And yet, through social media a lot of people learned what was going on, and some people knew what was going to happen early on; not quite sure how they did that. I know I shared the news about the Karl Rove meltdown (it was classic; who knew live TV could be that entertaining?) everywhere. Faux News; never watched it before, was entertaining last night, will never watch it again.

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4. Competition never ends; never. As soon as it was announced that President Obama had been reelected, the politicking began. There was already a discussion on who would run for president four years from now. Both sides were saying they didn’t think anything would happen and each side said it was the other that had to bend; yeah, that’s going to happen. Some people were already trying to figure out how to shake things up. One guy was saying that maybe the Electoral College would change the outcome of the election for Romney (seems that happened once in history; that’s how John Quincy Adams won the presidency without winning the election). It’s like sports now, where immediately after a team wins a championship they immediately wonder if the team can win it again and if not who they believe will be the strongest team the next season. And sometimes it’s all for naught (isn’t it Senator McConnell?).

5. When all is said and done, things usually end with a whimper, grace and class. What makes this country great is ultimately how people accept their own defeat. Former Governor Romney was class last night, as has every person who’s ever run for president and then had to make a concession speech has done (can’t blame Gore since he didn’t learn he wouldn’t be president for about a month or so). This is something about politicians that confuses me and probably everyone else. We get riled up for or against someone, are ready to get into fistfights over all of it, and then these people can walk up to a podium after having lost and say “So-and-so ran a great campaign and I hope they do well” or some such nonsense like that. 🙂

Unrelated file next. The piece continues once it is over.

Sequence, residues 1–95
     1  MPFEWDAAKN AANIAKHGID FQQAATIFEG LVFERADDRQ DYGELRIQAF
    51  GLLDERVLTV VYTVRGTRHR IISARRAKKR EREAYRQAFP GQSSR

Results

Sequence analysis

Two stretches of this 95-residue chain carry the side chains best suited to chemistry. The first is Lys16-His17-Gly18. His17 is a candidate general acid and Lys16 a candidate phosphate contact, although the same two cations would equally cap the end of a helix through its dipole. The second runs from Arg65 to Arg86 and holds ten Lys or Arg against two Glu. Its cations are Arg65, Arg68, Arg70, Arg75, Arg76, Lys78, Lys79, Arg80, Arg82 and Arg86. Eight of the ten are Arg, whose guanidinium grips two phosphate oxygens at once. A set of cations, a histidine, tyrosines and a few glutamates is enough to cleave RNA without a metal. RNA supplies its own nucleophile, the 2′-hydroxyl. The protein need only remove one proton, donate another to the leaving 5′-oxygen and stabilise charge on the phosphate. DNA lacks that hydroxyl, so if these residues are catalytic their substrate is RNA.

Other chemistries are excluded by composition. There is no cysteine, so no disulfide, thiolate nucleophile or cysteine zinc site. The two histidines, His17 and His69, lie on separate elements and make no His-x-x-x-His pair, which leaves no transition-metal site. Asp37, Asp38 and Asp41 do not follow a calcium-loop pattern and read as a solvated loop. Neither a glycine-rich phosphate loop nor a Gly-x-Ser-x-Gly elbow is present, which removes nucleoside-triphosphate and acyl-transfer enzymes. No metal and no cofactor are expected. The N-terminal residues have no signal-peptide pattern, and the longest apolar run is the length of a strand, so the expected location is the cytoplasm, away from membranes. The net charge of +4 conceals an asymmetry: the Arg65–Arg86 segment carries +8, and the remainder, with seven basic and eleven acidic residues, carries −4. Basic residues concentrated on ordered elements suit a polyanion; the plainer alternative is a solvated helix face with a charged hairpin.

You know what though? That’s kind of a lesson most of us need to learn, but probably won’t. A lot of rhetoric is just that; noise. Often people say things to get us irritated; that’s what trolls do. For me, I stayed out of it for 729 days, only to let myself totally go off the deep end in the last 24 hours. Even as I write this I haven’t gotten it totally out of my system (but I will soon; I promise). But the politicians who participated in the process have moved on and gotten over it, seeing it as business as usual. It’s a strange business but that’s what it ultimately is.

Lessons; I’ve learned a few. Let’s see what I can retain and what I can forget; what about you?
 

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Heat And Your Feet

A few of you are saying “is he talking about feet again”? Hey, I’ve only talked about feet once before, when I wrote this post in June talking about 5 Things You Should Know About Your Feet after visiting a podiatrist. This time around it’s a real life story; heck, who am I kidding, they’re always real life stories. So instead it’s a tale of caution; stay close.


Last Sunday I got an early morning text from my friend Scott about going to a hockey game, my first in more than 30 years. I’m not a major hockey fan, though I don’t mind watching the games, but the reason I stopped going was because my feet would always get really cold pretty quickly, no matter what I did, and then I couldn’t enjoy myself. He told me I shouldn’t have to worry about it since technology has changed and they had renovated the place where the game was being held from so many years ago.